The keto diet (short for ketogenic) is a significantly more rigorous method of eating that entails restricting carb consumption and consuming a large amount of fat with modest protein, despite the fact that both diets require eliminating carbs and can aid with weight reduction.
“Keto means the body has switched into ketosis and is using fat instead of glucose for fuel,” according to a nutritionist. “Meanwhile low carb diets limit the amount of carbohydrates consumed, especially simple and refined ones found in sugary foods, pasta and bread. Going low carb helps regulate blood sugar but it doesn’t produce ketosis, so the body will first use the glucose stored as energy, then move onto fat for fuel”.
Before starting a new diet, it’s crucial to understand your body and the calories and minerals it needs to perform properly, says professional coach of The Tactical Athlete. He suggests first consulting a nutritionist or a health professional.
What is a Keto Diet?
“A keto diet, also known as a ketogenic diet, is based on lowering your carbohydrate intake and increasing your intake of healthy fats,” Experts explains.
It’s quite restricted, but not all low carb diets are keto, and not all keto diets are low carb. The keto diet requires you to consume 70% of your daily calories from fat, 20% from protein, and 10% from carbohydrates.
What is a Low Carb Diet?
Low carb diets, like keto, are based on removing carbs and replacing them with protein, healthy fats, and veggies. “Carbohydrates are easier to digest, but don’t provide the same essential nutrients that proteins and fats do for the growth and development of your physique,” Expert notes.
Low Carb vs. Keto Diet: Similarities?
“Both diets have the same objective in mind – weight loss – but keto diets fall as a subcategory of a low carb diet, while low carb diets represent the umbrella that covers a large variety of other diets that it has under its belt,” says Expert.
Simply put, unless you’re following a fixed diet plan like Atkins or Dukan, a low carb diet is quite relative and doesn’t have particular amounts of carbs you should or shouldn’t ingest. Low-carb also means you won’t be consuming as much fat as you would if you were attempting to force your body into ketosis, and you’ll be filling up on nourishing lean proteins and vegetables to keep energised.
Both plans also have some significant health advantages. Low-carb diets have been linked to higher levels of remission in persons with type 2 diabetes, according to a research published in the BMJ, while keto diets have been linked to improved heart health, according to another study published in the Journal of the American College of Cardiology. According to new research published in the Frontiers in Neuroscience journal, the keto diet can help avoid seizures and cure epilepsy, which it was first used for in the 1920s.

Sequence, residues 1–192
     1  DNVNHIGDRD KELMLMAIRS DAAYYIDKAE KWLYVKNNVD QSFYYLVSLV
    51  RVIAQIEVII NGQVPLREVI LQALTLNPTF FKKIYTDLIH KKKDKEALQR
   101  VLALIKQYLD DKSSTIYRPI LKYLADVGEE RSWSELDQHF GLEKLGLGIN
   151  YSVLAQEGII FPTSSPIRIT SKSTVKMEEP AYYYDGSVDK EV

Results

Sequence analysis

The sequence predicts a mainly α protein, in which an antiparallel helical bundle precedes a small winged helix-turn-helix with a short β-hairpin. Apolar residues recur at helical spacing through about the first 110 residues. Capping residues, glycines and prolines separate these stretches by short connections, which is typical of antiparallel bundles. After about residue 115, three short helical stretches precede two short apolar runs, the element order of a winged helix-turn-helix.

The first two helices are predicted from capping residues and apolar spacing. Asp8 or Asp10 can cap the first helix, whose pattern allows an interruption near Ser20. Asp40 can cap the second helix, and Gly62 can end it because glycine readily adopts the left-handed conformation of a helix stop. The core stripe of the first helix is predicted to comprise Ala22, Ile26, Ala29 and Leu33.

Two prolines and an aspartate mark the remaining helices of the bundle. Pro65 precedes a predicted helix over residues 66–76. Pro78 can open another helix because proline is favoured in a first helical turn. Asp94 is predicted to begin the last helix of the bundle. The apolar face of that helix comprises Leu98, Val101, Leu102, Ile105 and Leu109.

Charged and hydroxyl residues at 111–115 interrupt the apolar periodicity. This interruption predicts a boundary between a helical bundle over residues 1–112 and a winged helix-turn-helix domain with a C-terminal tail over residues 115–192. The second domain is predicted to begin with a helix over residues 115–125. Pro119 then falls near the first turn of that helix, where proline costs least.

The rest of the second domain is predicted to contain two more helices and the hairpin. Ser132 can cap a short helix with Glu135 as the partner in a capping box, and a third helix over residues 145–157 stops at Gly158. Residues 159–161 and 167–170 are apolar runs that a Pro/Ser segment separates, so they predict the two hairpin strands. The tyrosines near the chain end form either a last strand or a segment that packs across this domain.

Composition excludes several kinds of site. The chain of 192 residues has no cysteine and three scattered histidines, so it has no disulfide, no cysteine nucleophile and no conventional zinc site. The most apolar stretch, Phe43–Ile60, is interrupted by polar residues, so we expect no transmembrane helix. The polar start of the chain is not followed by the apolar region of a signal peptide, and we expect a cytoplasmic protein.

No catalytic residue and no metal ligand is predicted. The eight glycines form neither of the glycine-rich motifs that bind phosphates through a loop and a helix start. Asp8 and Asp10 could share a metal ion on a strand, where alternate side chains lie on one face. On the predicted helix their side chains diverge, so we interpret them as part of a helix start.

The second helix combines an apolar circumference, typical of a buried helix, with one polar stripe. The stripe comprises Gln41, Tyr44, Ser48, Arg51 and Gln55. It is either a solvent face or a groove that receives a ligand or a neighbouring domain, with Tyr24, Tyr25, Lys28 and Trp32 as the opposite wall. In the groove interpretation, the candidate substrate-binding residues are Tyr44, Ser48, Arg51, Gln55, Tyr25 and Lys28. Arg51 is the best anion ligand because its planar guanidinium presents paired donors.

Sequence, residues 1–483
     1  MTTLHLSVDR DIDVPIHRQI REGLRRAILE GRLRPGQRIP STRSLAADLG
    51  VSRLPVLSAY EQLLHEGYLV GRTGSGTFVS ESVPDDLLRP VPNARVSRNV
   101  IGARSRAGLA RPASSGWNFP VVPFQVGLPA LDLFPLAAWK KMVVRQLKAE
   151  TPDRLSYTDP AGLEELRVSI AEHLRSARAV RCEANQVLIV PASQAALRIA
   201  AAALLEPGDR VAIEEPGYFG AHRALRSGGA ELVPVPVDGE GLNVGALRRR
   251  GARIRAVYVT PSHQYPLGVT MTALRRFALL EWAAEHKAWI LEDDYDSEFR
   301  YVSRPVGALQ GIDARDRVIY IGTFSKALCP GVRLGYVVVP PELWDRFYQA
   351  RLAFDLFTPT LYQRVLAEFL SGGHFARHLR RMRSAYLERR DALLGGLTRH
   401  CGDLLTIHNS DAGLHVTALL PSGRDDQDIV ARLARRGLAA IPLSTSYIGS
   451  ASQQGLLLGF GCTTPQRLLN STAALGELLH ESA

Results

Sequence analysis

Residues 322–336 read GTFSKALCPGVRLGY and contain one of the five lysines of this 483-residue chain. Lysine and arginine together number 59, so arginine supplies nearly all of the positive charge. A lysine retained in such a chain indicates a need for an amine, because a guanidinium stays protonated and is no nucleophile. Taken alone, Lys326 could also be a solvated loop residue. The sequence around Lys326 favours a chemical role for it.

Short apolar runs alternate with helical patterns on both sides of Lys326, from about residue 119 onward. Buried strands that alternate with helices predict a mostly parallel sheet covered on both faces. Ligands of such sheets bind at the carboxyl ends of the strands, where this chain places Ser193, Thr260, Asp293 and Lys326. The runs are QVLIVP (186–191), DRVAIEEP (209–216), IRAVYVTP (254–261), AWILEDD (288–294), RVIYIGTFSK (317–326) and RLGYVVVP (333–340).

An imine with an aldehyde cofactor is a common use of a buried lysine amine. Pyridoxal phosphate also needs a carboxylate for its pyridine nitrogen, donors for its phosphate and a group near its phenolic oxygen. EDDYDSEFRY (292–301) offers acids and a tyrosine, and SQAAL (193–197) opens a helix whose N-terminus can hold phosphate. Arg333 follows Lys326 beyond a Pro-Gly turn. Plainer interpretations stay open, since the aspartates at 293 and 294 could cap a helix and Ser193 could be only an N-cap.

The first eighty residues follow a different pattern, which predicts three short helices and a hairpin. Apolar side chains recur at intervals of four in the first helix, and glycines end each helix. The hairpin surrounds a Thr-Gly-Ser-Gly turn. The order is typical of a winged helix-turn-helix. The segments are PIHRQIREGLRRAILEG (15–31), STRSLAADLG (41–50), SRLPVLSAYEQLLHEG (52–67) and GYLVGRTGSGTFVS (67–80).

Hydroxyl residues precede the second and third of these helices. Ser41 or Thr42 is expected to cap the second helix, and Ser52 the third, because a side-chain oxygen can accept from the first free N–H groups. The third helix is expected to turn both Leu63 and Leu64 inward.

Differences between the Keto Diet and Low Carb Diet:
First and foremost, your carbohydrate intake will alter depending on whether you’re on a keto or low-carb diet. “With a low carb diet you’d be expected to eat 50-150 grammes of carbs per day, but keto diets are restricted to just 50 grams,” Expert explains.
Another variable is protein consumption. “Low carb diets generally require a large intake of protein, but keto diets moderate your protein consumption to between 20-22% of your total calories. Keto diets also require a large intake of fats compared with low carb diets to compensate for the protein and carbohydrates.”
According to expert, if your goal is to build muscle, a low-carb diet may be a better choice because glucose is required for muscle repair. “Many people also feel that a low carb diet is an easier transition and therefore some start with that, then move onto keto,” she explains. “The keto diet is also very popular with athletes and some marathon runners swear by it as their bodies are ‘fat adapted’ and it can help them maintain endurance for longer periods of time without needing carbs to refuel.”
Both plans, however, have some minor negative side effects. “Transitioning into these diets will be a process, especially regarding the keto diet,” Expert explains. “With low carb diets you may feel weak or experience constipation due to the impact of your micronutrient consumption. If you’re new to the ketogenic diet, you may experience the ‘keto flu’, which includes symptoms such as headaches, brain fog, irritability, fatigue, and lack of motivation .”
According to expert, these symptoms often last a week or less, but they have been known to last up to a month in extreme cases, so it’s critical to be mentally prepared and completely armed with an experienced specialist to help you before you begin your diet.
Which Diet Is Better: Keto or Low Carb?
“Both are effective for weight loss, so what ultimately matters is which diet is best for you and your body,” experts adds. “If you’re looking to acquire a physique that’s lean yet muscular you may go for the low carb diet, while those looking for an overall slim physique may lean towards keto.”